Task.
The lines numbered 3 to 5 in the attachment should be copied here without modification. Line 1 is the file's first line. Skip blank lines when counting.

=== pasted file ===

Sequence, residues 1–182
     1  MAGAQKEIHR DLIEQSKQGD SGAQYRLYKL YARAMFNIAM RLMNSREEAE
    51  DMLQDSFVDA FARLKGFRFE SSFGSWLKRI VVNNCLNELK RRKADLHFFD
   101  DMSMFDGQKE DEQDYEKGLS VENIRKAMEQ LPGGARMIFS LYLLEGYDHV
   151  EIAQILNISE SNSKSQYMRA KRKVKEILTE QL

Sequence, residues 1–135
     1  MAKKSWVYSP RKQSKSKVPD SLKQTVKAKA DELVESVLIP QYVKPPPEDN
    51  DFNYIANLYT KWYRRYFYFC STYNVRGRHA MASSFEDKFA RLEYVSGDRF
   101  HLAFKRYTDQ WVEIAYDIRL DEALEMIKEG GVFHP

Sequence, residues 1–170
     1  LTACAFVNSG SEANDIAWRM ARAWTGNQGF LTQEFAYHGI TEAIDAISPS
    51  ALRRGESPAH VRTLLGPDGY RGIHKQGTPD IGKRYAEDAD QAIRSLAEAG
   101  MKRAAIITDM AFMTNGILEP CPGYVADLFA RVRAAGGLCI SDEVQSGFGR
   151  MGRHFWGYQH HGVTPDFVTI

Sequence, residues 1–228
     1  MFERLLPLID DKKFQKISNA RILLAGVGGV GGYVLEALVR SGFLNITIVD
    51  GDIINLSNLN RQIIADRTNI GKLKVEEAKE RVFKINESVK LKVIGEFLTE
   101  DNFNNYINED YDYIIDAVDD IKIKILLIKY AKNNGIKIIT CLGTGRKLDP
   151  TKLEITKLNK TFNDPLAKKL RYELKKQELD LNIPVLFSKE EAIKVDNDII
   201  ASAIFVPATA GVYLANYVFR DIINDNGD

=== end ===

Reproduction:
    51  DMLQDSFVDA FARLKGFRFE SSFGSWLKRI VVNNCLNELK RRKADLHFFD
   101  DMSMFDGQKE DEQDYEKGLS VENIRKAMEQ LPGGARMIFS LYLLEGYDHV
   151  EIAQILNISE SNSKSQYMRA KRKVKEILTE QL